Wednesday, July 28, 2010

The Ultimate Death Blow for Notre Dame Heterodoxy

Notre Dame exiled its heterodox economists to a separate department. Now it is about to execute a death sentence for the department. Apparently, mainstream economists have offered such excellent guidance that questions about their dogma no longer serve any purpose.


Peter Dorman said...

Dreadful news, Michael, but I doubt anyone who has followed this (or lived it) is at all surprised.

I found the treatment at the Chronicle of Higher Ed a bit frustrating. They presented it largely in terms of quantitative vs nonquantitative approaches to economics. There is a lot of truth to this on the ground -- most of the Notre Dame heteros were pretty nonmathematical. In principle, though, this distinction is nearly irrelevant. A lot of heterodox work is highly quantitative or uses advanced math in its modeling (such as our own Barkley).

Someone who read the Chronicle and didn't know anything else might think that Notre Dame has decided to go with the high-tech professionals instead of the literary amateurs.

Anastasia said...

The comment above makes a really good point about the Chronicle article. It does seem to paint a picture of a department that is just trying to encourage "more technical" or "skilled" economics, but that is really nonsense. The article also fails to talk about things like publishing and funding. I have a suspicion that may have something to do with the split and demise. Apparently both sides can't play nice with each other.

This news is really such an unfortunate thing, especially for students. Students at Notre Dame had a really unique opportunity to study with professors of all different approaches, and that is just not available in very many places. Even the heterodox schools (the very few) tend to be heterodox or bust without too much opportunity to take on more technical/mathematical studies, or vice-versa. Very sad news.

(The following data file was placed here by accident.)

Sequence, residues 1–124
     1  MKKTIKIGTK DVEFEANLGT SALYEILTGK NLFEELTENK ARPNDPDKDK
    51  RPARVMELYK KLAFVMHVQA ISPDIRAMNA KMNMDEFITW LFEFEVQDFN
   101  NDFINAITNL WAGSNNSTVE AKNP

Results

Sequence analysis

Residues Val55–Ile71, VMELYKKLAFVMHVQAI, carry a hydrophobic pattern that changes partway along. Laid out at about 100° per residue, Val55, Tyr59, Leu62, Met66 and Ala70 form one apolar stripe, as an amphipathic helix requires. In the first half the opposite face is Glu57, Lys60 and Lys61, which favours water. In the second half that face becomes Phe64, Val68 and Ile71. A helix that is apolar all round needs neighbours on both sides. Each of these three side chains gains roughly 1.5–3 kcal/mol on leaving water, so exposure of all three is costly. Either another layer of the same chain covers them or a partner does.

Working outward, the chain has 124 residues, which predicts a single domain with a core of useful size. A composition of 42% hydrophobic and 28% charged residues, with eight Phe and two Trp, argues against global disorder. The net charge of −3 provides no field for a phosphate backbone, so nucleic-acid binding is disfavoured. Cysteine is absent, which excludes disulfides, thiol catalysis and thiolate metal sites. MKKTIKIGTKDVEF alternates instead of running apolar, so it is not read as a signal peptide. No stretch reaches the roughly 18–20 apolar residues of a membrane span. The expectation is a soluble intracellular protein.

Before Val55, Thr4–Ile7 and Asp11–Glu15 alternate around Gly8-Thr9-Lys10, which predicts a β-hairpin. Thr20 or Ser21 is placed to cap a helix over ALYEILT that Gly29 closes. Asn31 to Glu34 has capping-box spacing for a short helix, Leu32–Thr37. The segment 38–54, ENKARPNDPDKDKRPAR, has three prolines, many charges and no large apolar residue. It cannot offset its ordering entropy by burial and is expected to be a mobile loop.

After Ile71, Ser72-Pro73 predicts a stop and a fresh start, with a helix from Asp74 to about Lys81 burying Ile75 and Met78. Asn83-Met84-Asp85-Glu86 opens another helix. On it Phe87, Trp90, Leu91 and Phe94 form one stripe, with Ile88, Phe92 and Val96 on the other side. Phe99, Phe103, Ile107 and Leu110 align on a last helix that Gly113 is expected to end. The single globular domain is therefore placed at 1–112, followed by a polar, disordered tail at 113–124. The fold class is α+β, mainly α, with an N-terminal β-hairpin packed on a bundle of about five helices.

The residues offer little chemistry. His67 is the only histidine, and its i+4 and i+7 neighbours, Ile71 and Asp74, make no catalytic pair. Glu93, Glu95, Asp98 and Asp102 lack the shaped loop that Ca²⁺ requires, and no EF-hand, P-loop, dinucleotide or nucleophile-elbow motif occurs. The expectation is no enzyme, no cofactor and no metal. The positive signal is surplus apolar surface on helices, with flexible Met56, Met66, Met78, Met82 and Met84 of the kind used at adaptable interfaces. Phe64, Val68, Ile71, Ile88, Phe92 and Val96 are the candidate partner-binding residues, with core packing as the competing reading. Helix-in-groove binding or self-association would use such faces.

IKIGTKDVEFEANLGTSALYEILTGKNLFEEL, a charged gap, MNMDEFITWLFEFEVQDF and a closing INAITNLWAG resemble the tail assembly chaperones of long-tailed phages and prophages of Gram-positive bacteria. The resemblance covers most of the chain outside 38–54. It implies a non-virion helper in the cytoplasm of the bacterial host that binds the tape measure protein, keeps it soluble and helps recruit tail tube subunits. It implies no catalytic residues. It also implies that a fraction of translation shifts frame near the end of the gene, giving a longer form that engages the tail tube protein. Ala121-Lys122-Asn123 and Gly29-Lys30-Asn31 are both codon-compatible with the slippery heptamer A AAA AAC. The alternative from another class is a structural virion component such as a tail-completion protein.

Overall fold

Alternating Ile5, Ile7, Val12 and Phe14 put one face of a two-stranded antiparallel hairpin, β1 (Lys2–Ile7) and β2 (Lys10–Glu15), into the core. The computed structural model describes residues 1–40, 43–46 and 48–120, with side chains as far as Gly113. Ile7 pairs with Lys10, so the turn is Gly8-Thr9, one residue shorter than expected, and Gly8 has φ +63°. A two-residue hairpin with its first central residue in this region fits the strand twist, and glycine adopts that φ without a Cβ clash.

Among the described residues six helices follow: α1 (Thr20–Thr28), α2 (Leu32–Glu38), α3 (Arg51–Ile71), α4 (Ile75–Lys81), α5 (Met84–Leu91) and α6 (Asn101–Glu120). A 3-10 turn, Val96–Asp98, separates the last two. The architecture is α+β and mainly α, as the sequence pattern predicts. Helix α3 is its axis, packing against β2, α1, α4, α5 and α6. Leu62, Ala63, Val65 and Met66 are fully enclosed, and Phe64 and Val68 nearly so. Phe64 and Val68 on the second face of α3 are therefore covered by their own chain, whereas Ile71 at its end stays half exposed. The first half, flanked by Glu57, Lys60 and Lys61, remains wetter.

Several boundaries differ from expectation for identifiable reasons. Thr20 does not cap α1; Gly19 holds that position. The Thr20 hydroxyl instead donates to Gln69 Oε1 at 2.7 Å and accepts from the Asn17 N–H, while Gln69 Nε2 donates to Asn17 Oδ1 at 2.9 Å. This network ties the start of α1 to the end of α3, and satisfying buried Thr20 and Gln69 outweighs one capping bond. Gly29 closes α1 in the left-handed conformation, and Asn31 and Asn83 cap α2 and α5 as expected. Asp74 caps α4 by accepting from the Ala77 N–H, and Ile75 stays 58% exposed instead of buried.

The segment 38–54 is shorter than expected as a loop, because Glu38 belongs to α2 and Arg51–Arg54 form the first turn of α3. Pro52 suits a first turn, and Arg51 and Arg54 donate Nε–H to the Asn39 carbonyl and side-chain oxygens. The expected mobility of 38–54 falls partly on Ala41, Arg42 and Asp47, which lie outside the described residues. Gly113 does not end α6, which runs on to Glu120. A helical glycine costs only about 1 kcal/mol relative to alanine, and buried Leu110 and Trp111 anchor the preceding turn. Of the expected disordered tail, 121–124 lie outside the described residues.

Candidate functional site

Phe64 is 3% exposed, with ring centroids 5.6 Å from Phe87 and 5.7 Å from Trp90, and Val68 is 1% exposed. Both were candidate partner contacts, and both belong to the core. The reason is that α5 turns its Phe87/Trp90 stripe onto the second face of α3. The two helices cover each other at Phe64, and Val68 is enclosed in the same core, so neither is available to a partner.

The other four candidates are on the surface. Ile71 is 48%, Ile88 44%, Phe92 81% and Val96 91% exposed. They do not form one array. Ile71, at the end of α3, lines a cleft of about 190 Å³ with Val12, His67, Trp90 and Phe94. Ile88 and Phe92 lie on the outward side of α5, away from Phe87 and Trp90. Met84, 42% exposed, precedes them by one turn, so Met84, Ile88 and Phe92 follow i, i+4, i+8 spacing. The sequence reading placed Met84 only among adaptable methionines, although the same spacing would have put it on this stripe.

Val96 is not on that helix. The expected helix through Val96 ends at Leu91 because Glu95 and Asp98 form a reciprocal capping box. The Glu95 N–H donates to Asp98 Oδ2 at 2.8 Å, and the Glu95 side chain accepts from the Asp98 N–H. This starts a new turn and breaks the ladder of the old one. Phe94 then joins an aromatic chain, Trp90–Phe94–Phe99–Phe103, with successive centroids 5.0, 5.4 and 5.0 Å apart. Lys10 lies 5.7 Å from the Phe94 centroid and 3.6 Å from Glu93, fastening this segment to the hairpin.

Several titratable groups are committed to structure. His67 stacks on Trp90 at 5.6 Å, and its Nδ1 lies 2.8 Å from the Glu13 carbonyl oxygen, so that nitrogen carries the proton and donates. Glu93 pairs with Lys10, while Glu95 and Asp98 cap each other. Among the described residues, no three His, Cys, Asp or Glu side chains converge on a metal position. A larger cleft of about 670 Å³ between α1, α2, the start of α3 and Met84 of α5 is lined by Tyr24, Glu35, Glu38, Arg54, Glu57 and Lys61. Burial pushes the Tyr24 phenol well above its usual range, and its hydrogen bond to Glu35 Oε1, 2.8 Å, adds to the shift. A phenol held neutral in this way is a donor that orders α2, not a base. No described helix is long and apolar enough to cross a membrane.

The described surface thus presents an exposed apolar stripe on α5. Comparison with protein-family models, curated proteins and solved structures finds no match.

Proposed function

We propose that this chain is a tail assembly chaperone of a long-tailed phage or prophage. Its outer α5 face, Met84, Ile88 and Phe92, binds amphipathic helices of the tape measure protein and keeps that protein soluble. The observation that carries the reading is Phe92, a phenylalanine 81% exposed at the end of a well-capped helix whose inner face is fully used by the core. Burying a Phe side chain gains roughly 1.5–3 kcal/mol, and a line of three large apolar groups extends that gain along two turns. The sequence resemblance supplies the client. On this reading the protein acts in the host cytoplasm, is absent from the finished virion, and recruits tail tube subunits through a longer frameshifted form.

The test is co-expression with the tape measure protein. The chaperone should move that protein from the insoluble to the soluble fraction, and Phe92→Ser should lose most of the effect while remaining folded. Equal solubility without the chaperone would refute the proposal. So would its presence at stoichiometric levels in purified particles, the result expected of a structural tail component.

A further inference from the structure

michael perelman said...

"Technical" is a misleading term. I could be technical & try to repair the wiring in my computer. That would seem to be a technical operation, especially if I had mastered all the available textbook physics. But if I did not have a clue into the way a computer actually worked and what the wires are supposed to do, I would botch the job.

Similarly, if I do advanced math econ, based on unrealistic ideas about the economy, my models might demonstrate good math skills, but little else.

If my models were based on pure ideology, the results would be worse.

Eleanor said...

I thought the math-based orthodox economists were having trouble explaining reality -- and especially having trouble in predicting things like the deflation of the housing bubble and the collapse of the world financial sector. Has this changed?

michael perelman said...

A degree in economics means that you never have to apologize. What is weird is that so few people have challenged them. said...

I had a big fight on EJMR with Bill Evans of the new dept, proudly "neoclassical" and full of Catholic social justice, they claim, also claiming the old dept was suppressing quality neoclassicals, which I think is b.s.

I stick with my forecast that just the pubs of Phil Mirowski out of the old dept will be cited more in 30 years than all the pubs to now of the current members of this new dept, created by outside conservative money to satisfy the egomania of an idiot dean at NDU.